He took a breath. “That’s something we agree on,” he said. “We should’ve nuked the hell out of them because them A-rabs ain’t even human.”

That was it.

We were done.

After a lifetime of shared, reluctant tolerance, our relationship had abruptly come to an end.

Earlier this week, my spouse received an email from one of her relatives, an email purporting that the factual histories of the Civil War and Rebel battle flag are instead myth, that the war had little to do with slavery, that the flag is a symbol of only southern heritage, not racism. The sender did not copy me on the mail, perhaps because she understands my view of such bigotry and did not want to risk rebuttal. When my spouse replied to the mail, she copied all to whom the original had been sent, and she copied me as well, addressing the original mail as though her relative had offered it as an example of how gullible people are when something supports their bigoted worldview:

“People will believe anything rather than admitting that it’s been 150 years since the end of the Civil War and we still have racism. How sad and disappointing. As a nation we have made progress, but we still have far to go.”

A day later, the following landed in my mailbox, thanks to my spouse’s relative who hit “reply to all.” It’s presented unaltered:

“No one living today is a slave or has owned a slave, am I wrong in not liking group of people who have different views of life than I do? I have always been told ‘your rights end when they intruded on mine’ how much longer do we as Americans need to bend over and take it up the as…before these people realize they need to start to take care of themselves? This crap has been going on for years. The American public has, in my opinion done way too much to make amends for what has happened in the past and they still want more, work for it like the rest of us have done and quit asking for a hand out.”

It would have been wise not to reply to the rant, but I’m not a wise man. I thought that, by engaging the writer in a rational, fact-based discussion, he might look beyond the hyperbole of pundits, might change his mind. So I responded, copying all on the list:

“Thanks for your entertaining mail. If you would like to engage in a rational debate on specific issues, backing your points with objective, valid sources (not political organizations such as Fox News or DailyKos), I’d be happy to debate you. However, specifics are required. For example, instead of generalizations such as ‘these people,’ define whether they are black, of Mexican descent like yourself, Jewish, Middle Eastern, East Indian, Asian, etc., since the average southern white lumps all races of color into the same lesser-than category. Another example would be ‘handouts’ and the group to which the so-called handout is provided–social security, Medicare, food stamps, housing assistance, etc.–and how it affects you and how or why it is right or wrong. Back your argument with objective sources. Another example is ‘your rights end when they intrude on mine.’ Be specific. For example, do you mean you have the right to fly a Nazi flag on your property, but you don’t have the right to demand government or public entities to fly the flag on their buildings or property since that property represents all people? Or I have the right to worship the Flying Spaghetti Monster but not to force you to say my prayers in school?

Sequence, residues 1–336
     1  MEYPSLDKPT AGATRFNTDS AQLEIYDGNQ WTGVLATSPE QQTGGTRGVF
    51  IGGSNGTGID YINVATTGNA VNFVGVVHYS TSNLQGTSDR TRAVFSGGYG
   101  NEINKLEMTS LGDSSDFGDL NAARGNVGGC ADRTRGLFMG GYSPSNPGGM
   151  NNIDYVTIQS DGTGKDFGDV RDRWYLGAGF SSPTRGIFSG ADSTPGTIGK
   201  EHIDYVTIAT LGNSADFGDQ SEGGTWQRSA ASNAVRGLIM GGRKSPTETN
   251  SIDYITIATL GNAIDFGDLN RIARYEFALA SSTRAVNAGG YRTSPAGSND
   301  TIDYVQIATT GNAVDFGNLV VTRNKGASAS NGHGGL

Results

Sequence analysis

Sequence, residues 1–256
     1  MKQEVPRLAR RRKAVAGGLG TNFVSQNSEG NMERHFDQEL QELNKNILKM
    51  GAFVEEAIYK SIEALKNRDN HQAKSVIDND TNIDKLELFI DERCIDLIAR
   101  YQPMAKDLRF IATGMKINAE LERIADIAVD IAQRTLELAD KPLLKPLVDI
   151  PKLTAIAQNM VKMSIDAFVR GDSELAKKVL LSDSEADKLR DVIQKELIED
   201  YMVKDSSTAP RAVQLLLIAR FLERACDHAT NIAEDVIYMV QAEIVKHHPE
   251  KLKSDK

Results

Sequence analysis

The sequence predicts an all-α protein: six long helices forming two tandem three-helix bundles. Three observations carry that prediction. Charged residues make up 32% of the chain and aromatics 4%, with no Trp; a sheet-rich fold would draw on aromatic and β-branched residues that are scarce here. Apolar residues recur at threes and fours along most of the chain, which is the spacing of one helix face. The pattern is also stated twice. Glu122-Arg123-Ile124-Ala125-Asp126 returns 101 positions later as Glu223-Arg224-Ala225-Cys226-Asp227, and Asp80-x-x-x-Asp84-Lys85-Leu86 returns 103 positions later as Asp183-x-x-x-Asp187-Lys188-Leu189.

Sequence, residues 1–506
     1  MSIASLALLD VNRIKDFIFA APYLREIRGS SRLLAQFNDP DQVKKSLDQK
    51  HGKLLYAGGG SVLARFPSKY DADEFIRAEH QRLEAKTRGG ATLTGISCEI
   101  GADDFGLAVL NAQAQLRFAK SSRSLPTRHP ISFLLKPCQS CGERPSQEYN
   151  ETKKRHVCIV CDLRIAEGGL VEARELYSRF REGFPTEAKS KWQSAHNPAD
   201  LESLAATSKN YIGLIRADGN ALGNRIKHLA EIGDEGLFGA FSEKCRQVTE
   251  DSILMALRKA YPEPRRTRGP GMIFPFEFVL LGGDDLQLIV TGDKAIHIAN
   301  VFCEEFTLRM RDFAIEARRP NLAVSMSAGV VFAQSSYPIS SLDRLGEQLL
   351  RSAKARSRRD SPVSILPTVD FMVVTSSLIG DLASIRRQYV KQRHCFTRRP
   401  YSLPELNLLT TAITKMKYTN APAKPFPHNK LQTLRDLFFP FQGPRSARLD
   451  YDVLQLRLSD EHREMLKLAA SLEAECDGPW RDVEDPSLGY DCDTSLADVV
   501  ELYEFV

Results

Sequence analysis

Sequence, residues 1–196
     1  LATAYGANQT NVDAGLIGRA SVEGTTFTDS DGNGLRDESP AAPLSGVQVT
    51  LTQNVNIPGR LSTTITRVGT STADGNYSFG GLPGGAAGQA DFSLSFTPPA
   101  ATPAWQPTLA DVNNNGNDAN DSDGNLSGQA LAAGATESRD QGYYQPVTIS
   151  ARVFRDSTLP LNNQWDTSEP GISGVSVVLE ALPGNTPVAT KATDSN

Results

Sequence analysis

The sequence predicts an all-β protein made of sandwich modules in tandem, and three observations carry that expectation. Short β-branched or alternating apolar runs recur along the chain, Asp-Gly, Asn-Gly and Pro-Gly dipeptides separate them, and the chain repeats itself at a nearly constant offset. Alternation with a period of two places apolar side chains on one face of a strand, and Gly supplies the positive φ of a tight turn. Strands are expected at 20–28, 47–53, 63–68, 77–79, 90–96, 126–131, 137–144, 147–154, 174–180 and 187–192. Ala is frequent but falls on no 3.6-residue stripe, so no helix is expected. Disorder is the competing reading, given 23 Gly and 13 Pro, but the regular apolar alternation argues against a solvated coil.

“You get the idea.

“If you and the others in this mail exchange do not desire a rational debate but would prefer to vent anger and frustration over issues based on the ‘factual’ nonsense regarding the Confederate flag that began this exchange, I prefer to be left out of the loop.\

“Take care…”

A few moments later: “Fuck you.”

My response: “Okay.”

Then: “Just forget my email address and I don’t ever want to see you or any of your family again. Chris you are a looser.”

“For future reference,” I replied, “it’s ‘loser,’ not ‘looser.’”

When we refuse to engage in rational discussion, when we set our minds so rigidly based on irrational hatred and fear, when we refuse to consider another point of view unless it agrees with our own, when we refuse to grow, all of us are losers.

From fiction to poetry, creative nonfiction to straight reporting, personal experience colors my work in some way. One example of experience influencing my nonfiction work began with intervention in three on-the-street domestic violence incidents in Hawaii in the early1980s, which led to an article for Honolulu Magazine on the state’s problem of domestic violence, what police termed “local love.” The article helped in a small way to push a mandatory arrest bill through the state legislature to become law, requiring police to arrest aggressors when responding to domestic violence calls. In fiction and poetry, the above relatives, as well as others, have provided models for characters in stories such as “Side-Road Shack” and “Luau,” the novel Big Daddy’s Fast-Past Gadget, and in many of the poems in White Trash & Southern ~ Collected Poems, Volume I.